Medill School of Journalism
Lea Zeise has been taught that sometime in the future, there will be a catastrophe.
“Our teachings actually tell us that we’re gonna have a time where you need seven years of food put away,” said Zeise, who is a founding member of Ohe•láku, the Oneida White Corn Cooperative. “The climate is changing now, and also according to our prophecies, we’re seeing things that were prophesied to start happening when that time was coming.”
A major prophecy was that trees would start dying from the top, and this would indicate an impending disaster. Trees never used to die from the top until bouts of acid rain in the 80s and 90s caused just that.
“Industrialization has basically set in motion the consequences that we’re seeing now that are from those prophecies,” Zeise said. “If you pay attention to that stuff, your ears kind of perk up and you’re like, ‘Oh, this is the time that they were talking about.’ So now, this is the time to plant, and this is the time to start preparing for a catastrophe.”
Last year, Ohe•láku harvested 10,000 pounds of corn. Despite the success of last year’s harvest, this year’s was diminished by excessive rainfall and by animals who could not find enough other food to eat.
“For our corn co-op, the yields were about an eighth of what they were last year, so it was drastically, drastically smaller,” said Rebecca Webster, a founding member of Ohe•láku. “One of the fields was really wet, and there isn't a road to get to it – it’s [...] basically trucks going through a field to get to it. [There was] so much water that we couldn’t get any cars or trucks back there.”
Instead, they took four-wheelers with garden trailers attached behind them back and forth from the field until they had acquired all the corn. This process was three times less efficient, Webster said, than it was to remove corn with trucks last year, when conditions were drier.
Wet seasons like this are going to become more common for the Oneida and across the Midwest. According to , periods of heavy precipitation are projected to increase in intensity in the Midwest, and the total amount of rainfall and snowfall is also predicted to increase.
“It’s pretty scary, I mean if you look at the amount of increase in precipitation, we’re gonna be well and above what we’re used to. This year was the wettest year on record; it’s gonna get wetter,” Zeise said. “If it gets even wetter, are people gonna be able to drive? Where are we going to be able to grow food?”
Even in the northern part of Wisconsin, flooding has already had devastating effects. Joe Rose, an elder of the Bad River Band of Lake Superior Ojibwe, described the impact of a 1000-year flood that happened in the summer of 2016. It was so damaging that highways were washed out.
“A lot of people were homeless on the reservation after that flood,” Rose said.
In some communities, including the Ojibwe and Oneida, there is a cultural tradition of considering the long-term impact of one’s actions known as the seventh generation principle. People are taught to consider the impact of their actions on people not one, not two, but seven generations in the future.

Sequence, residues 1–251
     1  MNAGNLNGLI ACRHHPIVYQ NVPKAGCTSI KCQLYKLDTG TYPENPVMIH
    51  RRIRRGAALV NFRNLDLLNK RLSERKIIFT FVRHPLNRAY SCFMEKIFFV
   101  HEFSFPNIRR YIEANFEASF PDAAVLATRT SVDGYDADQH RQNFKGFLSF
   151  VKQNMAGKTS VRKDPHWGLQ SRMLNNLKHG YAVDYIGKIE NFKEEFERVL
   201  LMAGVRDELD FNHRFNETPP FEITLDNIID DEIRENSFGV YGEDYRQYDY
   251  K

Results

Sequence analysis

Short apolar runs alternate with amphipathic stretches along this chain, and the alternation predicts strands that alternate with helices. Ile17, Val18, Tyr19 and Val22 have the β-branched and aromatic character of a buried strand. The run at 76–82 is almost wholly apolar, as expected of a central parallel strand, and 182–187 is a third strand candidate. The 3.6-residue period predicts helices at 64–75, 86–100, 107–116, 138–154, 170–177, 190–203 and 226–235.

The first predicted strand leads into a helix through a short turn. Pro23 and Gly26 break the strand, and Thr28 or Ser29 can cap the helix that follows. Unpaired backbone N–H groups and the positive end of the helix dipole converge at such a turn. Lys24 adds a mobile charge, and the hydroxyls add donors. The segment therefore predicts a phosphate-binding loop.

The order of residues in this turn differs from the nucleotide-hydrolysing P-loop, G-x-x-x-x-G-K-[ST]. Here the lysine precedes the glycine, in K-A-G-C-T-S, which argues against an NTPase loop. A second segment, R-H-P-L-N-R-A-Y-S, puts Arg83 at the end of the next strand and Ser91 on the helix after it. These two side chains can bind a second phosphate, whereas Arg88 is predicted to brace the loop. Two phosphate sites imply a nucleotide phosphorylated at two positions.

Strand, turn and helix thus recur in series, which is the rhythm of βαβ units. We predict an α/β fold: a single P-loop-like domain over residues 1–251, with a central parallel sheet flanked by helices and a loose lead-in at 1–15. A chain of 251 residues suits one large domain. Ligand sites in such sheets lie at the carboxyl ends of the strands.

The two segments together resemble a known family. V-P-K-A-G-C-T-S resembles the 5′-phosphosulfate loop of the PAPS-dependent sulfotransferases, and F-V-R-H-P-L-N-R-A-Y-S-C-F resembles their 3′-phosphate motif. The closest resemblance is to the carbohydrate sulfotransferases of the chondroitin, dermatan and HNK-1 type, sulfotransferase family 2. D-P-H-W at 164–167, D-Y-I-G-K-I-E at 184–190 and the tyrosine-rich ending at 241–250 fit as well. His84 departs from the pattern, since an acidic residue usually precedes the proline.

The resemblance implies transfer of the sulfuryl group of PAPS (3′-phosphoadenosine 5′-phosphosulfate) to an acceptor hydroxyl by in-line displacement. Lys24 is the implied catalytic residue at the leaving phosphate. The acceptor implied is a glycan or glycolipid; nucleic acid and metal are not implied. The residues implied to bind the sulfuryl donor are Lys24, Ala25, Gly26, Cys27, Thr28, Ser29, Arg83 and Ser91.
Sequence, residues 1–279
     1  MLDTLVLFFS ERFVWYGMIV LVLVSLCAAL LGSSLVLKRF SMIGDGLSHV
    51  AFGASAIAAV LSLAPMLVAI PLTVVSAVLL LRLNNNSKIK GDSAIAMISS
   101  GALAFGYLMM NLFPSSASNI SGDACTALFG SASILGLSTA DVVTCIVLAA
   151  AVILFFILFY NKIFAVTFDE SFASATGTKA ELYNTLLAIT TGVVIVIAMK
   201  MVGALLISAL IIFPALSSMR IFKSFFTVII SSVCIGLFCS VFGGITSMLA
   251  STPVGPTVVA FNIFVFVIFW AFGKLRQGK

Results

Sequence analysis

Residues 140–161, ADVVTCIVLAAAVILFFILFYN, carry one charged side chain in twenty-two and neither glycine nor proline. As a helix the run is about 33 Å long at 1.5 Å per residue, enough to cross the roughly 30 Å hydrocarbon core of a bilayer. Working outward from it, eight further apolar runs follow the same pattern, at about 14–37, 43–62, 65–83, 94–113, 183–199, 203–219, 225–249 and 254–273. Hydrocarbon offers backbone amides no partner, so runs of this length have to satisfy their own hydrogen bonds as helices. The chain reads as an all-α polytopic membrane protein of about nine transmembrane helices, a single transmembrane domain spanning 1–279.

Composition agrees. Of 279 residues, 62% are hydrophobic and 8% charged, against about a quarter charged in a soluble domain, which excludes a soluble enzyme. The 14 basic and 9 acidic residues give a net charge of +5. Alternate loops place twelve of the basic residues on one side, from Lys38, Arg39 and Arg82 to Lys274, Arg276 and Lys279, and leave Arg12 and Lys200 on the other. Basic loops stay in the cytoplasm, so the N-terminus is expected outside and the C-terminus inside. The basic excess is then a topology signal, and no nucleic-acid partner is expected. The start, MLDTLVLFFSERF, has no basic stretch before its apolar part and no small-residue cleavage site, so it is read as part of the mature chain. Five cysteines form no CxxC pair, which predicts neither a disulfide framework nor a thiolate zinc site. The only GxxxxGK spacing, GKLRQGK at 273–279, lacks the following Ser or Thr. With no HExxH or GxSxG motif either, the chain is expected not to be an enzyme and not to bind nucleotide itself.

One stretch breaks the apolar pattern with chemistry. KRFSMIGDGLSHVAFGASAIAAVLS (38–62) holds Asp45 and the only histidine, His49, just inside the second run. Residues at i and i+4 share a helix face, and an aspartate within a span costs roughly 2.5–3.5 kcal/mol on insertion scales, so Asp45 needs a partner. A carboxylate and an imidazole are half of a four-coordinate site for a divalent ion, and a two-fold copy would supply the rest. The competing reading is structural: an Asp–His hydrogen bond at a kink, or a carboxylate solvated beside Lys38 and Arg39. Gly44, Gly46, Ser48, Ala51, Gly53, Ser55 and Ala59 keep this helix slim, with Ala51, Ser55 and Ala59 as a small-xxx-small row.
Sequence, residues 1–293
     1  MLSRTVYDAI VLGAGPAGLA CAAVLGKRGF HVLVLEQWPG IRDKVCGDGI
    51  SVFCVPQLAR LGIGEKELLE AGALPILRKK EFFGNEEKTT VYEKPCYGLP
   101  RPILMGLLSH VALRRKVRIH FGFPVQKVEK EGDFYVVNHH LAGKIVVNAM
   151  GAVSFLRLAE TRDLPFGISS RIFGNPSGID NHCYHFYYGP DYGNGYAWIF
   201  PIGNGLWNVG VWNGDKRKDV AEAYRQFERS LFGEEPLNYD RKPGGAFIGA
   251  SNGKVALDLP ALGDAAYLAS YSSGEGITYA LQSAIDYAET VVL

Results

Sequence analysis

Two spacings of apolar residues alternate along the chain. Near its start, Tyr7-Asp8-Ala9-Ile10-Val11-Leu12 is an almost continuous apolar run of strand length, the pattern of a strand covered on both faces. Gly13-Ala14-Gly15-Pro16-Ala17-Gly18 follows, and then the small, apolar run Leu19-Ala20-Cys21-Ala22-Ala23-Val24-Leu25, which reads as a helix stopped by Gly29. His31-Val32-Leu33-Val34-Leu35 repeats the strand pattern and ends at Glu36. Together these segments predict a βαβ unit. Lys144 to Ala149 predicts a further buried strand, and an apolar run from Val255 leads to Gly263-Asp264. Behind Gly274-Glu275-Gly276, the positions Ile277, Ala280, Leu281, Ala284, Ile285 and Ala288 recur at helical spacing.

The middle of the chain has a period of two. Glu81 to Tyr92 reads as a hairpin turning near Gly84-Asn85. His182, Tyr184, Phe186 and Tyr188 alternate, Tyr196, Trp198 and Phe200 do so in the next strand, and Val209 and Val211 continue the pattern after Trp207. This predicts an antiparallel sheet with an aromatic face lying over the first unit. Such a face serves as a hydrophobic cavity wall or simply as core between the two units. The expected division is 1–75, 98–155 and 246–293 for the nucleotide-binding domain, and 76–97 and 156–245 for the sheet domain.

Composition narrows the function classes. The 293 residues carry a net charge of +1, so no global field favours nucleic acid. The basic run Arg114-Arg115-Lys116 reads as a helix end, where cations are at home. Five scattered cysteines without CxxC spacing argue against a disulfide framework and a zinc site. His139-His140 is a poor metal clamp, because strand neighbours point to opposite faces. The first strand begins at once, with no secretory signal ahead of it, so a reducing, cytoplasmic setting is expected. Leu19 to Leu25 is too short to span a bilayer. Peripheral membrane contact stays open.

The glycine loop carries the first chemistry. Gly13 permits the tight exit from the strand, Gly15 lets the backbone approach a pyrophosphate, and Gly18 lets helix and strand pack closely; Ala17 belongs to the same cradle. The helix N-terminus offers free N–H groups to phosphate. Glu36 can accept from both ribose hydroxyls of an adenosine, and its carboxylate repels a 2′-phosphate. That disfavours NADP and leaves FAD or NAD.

“When we reach adulthood, we take on the responsibility of looking seven generations ahead and ask ourselves, ‘What are we going to be leaving to our grandchildren?’” Rose said. “We have to preserve what we have left for those yet to come.”
For him, this means protecting his reservation from harmful actions of outside groups. In his lifetime, Rose has been an activist against mines, pipelines and a garbage incinerator that threatened the Ojibwe. He believes in the power of grassroots activism to bring down large corporations and their influence in government.
When he fights these battles, he does so to safeguard the planet for people to come seven generations in the future.
Some tribes, rather than viewing themselves as the first generation in a series of seven that will live with the consequences of their actions, view themselves as members of a generation in the middle with three ahead and three behind. That mentality provides a link to both the past and the future, Zeise said.
There are no written rules to seventh generation thinking. It’s simply a way of going through life. Tom Busiahn spent over 28 years working for the U.S. Fish and Wildlife Service and over 12 years in Wisconsin, working with tribes, so he became familiar with seventh generation thinking.
“It’s more of a framework,” Busiahn said. “It’s probably not something that is ever gonna be put down in a procedure manual, but it’s a way you think about, ‘Why am I doing what I’m doing today?’”
As the climate changes, it’s becoming harder to make accurate projections about what the world is going to look like in just five years, 10 years or by the end of the century; the world that our descendants live in will be drastically different from the one we know now.
“In my work with the Fish and Wildlife Service, [...] a lot of it had to do with modeling the future,” Busiahn said. “So they’re trying to look ahead, not just a few years, but decades into the future. But it’s difficult, if not impossible, to do that very effectively, and climate change just makes it even harder.”
In the face of a climate catastrophe, Ohe•láku is taking steps to secure a future for people, even those seven generations away.
“Our food system is not resilient enough to withstand the changes that we’re expecting to see,” Zeise said. “I think one of the things we’re trying to do is not just grow food, but also grow farmers. And grow the knowledge within our community to make our community more resilient.”
Ohe•láku began three years ago with 10 families, and now there are 15 involved. Ultimately, they hope to have 50 families as part of the co-op. With more people growing, they will produce more food and teach more people the skills necessary to work toward a food secure future for generations to come.